Administrators answered more positively than non-administrators, but the difference between the two groups was most pronounced for physicians working for CMGs. Responses from 21 CMG administrators and 66 non-administrators were striking: Answers by administrators were almost opposite those of non-administrators. (Table 8.)

    I also broke each question down into the individual responses and compared administrator responses with non-administrator responses within CMGs. (Table 9.) CMG administrators answered much more positively than their charges in every respect. In fact, almost all of the questions in the administrative group were answered positively by about 50 percent of the respondents, but few of the questions in the non-administrative group were responded to positively by more than 25 percent of the respondents.

    Table 1. - Questionnaire Statements
    • I am happy.

    • Emergency medicine is a good career.

    • I have lots of opportunities for growth.

    • I am confident in my worth.

    • I am paid fairly.

    • I am valued as an individual.

    • I am optimistic about the future of emergency medicine.

    • My voice is important.

    • I am secure in my career.

    Table 2. - Participants by Employment Structure
    Structure n %
    Employee, hospital employee 167 29.14
    Employee, CMG 122 21.29
    Employee, academic 85 14.83
    Owner, democratic group 78 13.61
    Employee, democratic group 52 9.08
    Owner, CMG 29 5.06
    Employee, government 10 1.75
    Employee, independent or locums 10 1.75
    Owner, independent or locums 9 1.57
    Employee, resident 8 1.40
    Owner, academic 2 0.35
    Owner, hospital employee 1 0.17

    Table 3.:
    Responses by Employment Structure-Best
    Table 4.:
    Responses by Employment Structure-Worst
    Table 6.:
    I am Valued as an Individual
    Table 7.:
    Difference between Administrator and Non-Administrator Responses
    Table 8.:
    CMG Responses by Administrative Role

    Room for Improvement

    Emergency medicine has rapidly come to an inflection point of sorts. Forces have converged to produce a vastly different world for our specialty. Unfortunately, traditional data sources may lag behind change that moves too quickly, forcing us to act blindly or delay acting. Neither is a satisfying solution, and that demands unconventional data sources.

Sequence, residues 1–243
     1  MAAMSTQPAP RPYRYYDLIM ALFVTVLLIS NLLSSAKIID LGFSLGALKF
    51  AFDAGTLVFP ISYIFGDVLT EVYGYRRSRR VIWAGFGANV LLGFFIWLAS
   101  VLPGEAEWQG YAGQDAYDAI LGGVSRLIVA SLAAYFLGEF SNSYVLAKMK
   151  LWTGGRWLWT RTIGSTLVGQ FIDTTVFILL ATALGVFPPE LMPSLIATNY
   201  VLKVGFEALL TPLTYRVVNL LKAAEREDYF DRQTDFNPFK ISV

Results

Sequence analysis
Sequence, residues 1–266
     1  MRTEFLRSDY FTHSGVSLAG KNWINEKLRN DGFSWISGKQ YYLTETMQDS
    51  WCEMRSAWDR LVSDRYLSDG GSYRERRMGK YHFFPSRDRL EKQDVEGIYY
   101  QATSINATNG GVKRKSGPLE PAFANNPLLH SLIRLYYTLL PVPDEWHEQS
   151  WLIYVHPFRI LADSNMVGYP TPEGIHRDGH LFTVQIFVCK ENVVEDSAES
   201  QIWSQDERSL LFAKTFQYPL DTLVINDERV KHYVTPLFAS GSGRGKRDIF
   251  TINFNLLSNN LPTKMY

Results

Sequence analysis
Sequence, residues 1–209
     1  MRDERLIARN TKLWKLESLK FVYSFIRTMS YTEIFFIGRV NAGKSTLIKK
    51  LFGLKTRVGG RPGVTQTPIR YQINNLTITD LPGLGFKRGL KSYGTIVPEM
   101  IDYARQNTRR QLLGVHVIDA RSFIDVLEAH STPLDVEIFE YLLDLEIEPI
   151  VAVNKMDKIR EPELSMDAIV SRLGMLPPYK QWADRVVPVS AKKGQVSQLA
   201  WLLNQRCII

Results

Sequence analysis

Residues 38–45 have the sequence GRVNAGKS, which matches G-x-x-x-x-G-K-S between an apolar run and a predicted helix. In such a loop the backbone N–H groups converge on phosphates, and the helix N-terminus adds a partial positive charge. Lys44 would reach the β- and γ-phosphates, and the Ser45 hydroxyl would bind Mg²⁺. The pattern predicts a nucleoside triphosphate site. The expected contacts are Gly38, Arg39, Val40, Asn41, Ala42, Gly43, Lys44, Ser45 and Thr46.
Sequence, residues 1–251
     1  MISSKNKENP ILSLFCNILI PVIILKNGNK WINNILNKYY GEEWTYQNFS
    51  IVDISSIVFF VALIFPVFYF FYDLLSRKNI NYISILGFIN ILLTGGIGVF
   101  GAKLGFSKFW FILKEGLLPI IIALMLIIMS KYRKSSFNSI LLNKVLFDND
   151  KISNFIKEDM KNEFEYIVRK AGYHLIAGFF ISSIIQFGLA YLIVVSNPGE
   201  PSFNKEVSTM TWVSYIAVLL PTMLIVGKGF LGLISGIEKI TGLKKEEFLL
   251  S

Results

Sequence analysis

In acknowledging the limitations of this work, we need to recognize that Likert scales and surveys do have some inherent problems. These results may be biased; respondents may have completed the survey multiple times or may have lied. And the survey is only as generalizable as its respondents are representative of the entire population. The respondents appear to know the difference between a democratic group and a contract management group, but these terms are poorly defined. I suspect framing the survey in the form of a predictive quiz improved the quality of the answers, but this is conjecture.

    Table 9.:
    Non-Administrator (left) and Administrator Responses

    Limitations aside, a good possibility exists that the employment structure of emergency physicians may have real effects on their lives and careers. It is also clear that a large segment of emergency physicians may be in potentially detrimental employment structures.

    Respondents identifying as being owners or employees of contract management groups, nebulous as the term may be, gave significantly more negative responses to the questionnaire and represented a very large portion of the total responses. Trends within this subgroup point to a large disparity between administrators and non-administrators.

    Better understanding of these problems should be an area of focus for the leaders of our field, and these should also interest administrators in contract management groups because the data demonstrated real areas for improvement, generating differential value.

    The survey dataset is available to all at This study was also released in the ACEP Workforce Section Newsletter.

    Dr. Belangeris the secretary of the American College of Emergency Physicians Locum Tenens section and an emergency physician in McKinney, TX. Read his past articles at